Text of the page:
of Metro producer David Selznick, is one of the finest efforts of this
kind. It succeeds because it reveres the source material, yet is modest
enough to evoke the novel's essential feeling without trying to be exhaustive
in its treatment.
Always a subtle director of actors, Cukor is helped by superb casting.
Freddie Batholomew, a most sensitive child performer, plays David as
a boy. It's without a doubt his best work, giving the point of view
character a freshness and vulnerability that makes him believable and
brings out the best in the other actors. Edna May Oliver shines as the
cross Aunt Betsey, as does Jessie Ralph as Peggotty. Roland Young is
a perfect Uriah Heep - it's rare that an actor matches one's imagination
exactly, but he does. And the casting of W.C. Fields as Mr. Micawber
was a brilliant stroke. Although Fields' American accent sticks out,
his delivery of Micawber's complex locutions is amusing indeed, and
he manages to restrain his vaudevillian tendencies enough to make the
Most of all, the production, with its superb photography (Oliver Marsh),
and design (Cedric Gibbons), along with the director's sure hand, captures
the feeling of a reader's cherished memory of the book. Seeing it again
after many years, I realized that I love the film not only on its own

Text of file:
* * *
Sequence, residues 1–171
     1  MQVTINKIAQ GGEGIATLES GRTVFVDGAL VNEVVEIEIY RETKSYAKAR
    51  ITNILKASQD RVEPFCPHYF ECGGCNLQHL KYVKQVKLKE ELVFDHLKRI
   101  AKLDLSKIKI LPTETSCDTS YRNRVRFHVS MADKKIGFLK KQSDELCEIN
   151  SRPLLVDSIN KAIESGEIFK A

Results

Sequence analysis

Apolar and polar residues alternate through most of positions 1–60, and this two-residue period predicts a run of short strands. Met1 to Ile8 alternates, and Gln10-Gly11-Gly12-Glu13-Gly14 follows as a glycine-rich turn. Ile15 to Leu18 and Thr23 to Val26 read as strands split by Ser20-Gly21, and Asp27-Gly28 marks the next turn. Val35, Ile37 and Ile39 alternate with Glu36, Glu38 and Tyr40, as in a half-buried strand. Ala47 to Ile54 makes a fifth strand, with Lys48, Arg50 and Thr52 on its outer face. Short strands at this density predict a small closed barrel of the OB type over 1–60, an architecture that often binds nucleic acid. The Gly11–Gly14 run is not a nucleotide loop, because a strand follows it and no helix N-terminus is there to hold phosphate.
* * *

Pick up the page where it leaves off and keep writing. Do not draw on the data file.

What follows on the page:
terms, but as a way of revisiting a novel, experiencing its charm again,
without having to reread it. Of course, huge chunks of the book have
been sacrificed in order to make a two-hour movie: Traddles is missing,
and Rosa Dartle, to mention only two examples. In addition, the first
part of the film, dealing with David's boyhood, seems richer and more
carefully paced. Once he grows up (and Bartholomew is replaced by the
less appealing Frank Lawton) things start to seem a bit rushed, as the
film tries to squeeze as much of the narrative in as it can.
Still, the picture is beautiful, satisfying, and tasteful, in the best
sense. The final shots of Ham and Steerforth at the end of the storm
scene, for instance, are done without words. A lesser director would
have David saying something, or would feel the need to underline the
tragic irony in some way. But Cukor was an artist of rare virtues -
one of which was restraint.
©2002 Chris Dashiell